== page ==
“Maybe atheism doesn’t answer the fundamental questions, but why should it–it’s simply a refusal to accept deities and those systems of worship that claim (in conflicting ways) to answer the “fundamental questions.” Most of us know that many of those so-called “fundamental questions,” like “Why are we here?” don’t have an answer beyond the laws of physics. Others, like “What is our purpose?” must be answered by each person on their own, for their [sic] is no general answer. Still others, like “How are we to live?”, are answered far better by secular reason than by dogmatic adherence to outdated or even immoral religious strictures.”
What a tangle of confusion (6). There’s the admission that perhaps atheism doesn’t fill the vacuum left when religion is left behind, followed by an angry retort that to do so would go beyond the brief of atheism. “That’s not my job!” you can almost hear him say.”
Aaaand U6 made me realize that perhaps Mr. Naff is not worth my time. Though it might be reflex, such accusations (one of which is probably true if Dr. Coyne is taking them on), are never some crowdpleasing litany. It is always a truth that everyone must be aware of. Really, when Dr. Coyne is being real nice, I can’t tell a horrendous lie from a normal one. A common mistake from a stupid one because I have no Doctorate in say ID theory or biology- I sometimes need a jab: That’s stupid. Research it. And I’ve read the quoted article; it wasn’t confusing at all nor was it angry- you know when the dude is upset. And it’s not outside the brief of atheism to answer such questions- it is outside that of science. As a logical atheist, I have found my own purpose and need nothing fake to reinforce it, but I have no science to back it up either (except maybe psychology).
And this cut-off brings me to…
What We Really Believe
“We” isn’t really all-inclusive. It is my opinion on certain we’s in the world. This ‘we’ are people who say things like atheism doesn’t fill that God-shaped hole. I’ve come to the conclusion that we believe the world would go to shit without religion. Even many atheists (I’m seeing that Naff is one? I don’t really care) feel this may be true. Or at least (and this goes for me as well), the religious would go batshit without religion. Of course, the implications of this is that the one thing that is keeping a lot of people from stealing and murdering is their belief in gods and a horrible afterlife.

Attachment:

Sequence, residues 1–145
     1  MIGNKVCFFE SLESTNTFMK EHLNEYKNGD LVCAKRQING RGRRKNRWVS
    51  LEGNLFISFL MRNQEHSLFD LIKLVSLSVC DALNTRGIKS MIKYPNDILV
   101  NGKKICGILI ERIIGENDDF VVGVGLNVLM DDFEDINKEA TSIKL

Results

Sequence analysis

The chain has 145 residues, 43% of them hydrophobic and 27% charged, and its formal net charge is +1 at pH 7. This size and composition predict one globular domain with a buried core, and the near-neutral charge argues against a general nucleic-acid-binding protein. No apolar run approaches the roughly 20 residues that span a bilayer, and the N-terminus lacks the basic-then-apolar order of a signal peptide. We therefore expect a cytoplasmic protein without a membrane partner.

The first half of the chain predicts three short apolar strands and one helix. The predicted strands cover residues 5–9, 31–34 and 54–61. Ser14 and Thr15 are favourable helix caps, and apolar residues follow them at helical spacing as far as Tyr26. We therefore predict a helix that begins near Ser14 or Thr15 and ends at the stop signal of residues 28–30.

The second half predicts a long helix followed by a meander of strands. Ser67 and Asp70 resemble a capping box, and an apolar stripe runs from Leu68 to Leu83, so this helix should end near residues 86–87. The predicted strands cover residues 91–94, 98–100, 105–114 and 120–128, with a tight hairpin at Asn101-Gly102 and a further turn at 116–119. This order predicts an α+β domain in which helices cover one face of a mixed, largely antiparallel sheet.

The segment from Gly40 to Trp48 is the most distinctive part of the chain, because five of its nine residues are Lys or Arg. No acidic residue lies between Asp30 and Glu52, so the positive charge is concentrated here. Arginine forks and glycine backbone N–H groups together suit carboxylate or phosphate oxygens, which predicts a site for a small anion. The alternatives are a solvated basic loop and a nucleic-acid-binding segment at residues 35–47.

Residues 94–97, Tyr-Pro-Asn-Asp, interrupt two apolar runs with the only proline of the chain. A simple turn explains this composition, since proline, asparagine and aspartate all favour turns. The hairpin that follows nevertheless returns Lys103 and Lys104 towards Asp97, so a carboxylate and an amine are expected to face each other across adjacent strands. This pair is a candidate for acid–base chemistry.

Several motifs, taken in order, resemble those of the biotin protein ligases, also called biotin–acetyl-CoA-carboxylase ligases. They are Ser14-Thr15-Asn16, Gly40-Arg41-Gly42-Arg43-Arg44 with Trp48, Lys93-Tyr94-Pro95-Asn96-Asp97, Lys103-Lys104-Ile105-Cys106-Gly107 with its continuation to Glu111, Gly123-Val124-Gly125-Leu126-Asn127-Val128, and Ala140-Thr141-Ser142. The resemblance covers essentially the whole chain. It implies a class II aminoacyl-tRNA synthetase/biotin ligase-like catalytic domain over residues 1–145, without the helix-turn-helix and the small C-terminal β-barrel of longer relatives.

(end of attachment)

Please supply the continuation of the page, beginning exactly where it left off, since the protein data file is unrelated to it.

If every religious person turned to an atheist person like me, Jerry Coyne and many other atheists, hoo-boy, things would be great. I’m not saying that we’re awesome and perfect (*flutters eyes*), but the world wouldn’t go to shit.
Many would say that some god’s love has infused into my soul to do good within my sinful human body. Poppycock, the good I do comes from me. The reason I’m not going after my sister for abandoning my niece is because I’m good. The reason my niece sleeps next to me nearly every night despite how she pees the bed and wakes up at 3 am on the dot and crawls around on my head, the reason I put up with it, is because I’m nice. The reason why I don’t tell my father about himself is because
he won’t listenI’m freakin’ nice.
And a good reason that I feel religion is imaginary is because those with religion can be evil (like against their religion evil, not being evil for religion- that’s a separate matter), and those without can be wonderful despite the ingrained belief (in even myself) that lack of religion willl turn you terrible. You can blame religion all you want. Something beyond religion or god or the supernatural control our actions, and that is what we should look for.
It’s so tiresome to read repeatedly that New Atheism is a failure because we aren’t replacing religion with anything else. This claim has been made once again in a HuffPo piece by Clay Naff called “Humanism’s moment of opportunity, going to waste.” Naff spends a lot of time going after me, and I’ll try to respond politely.
He first touts the success of American megachurches, and claims that, by comparison, non-theists (not just New Atheists) are a miserable failure:
Their non-theistic rivals? Not so much. The evidence is in, and it is clear: New Atheists have been a media success and a societal failure. They know how to sell books, how to debate, how to sneer, skewer, and satirize — in short, how to use all the squabbling skills of the modern academic (cf. the letters section of the New York Review of Books) — but the New…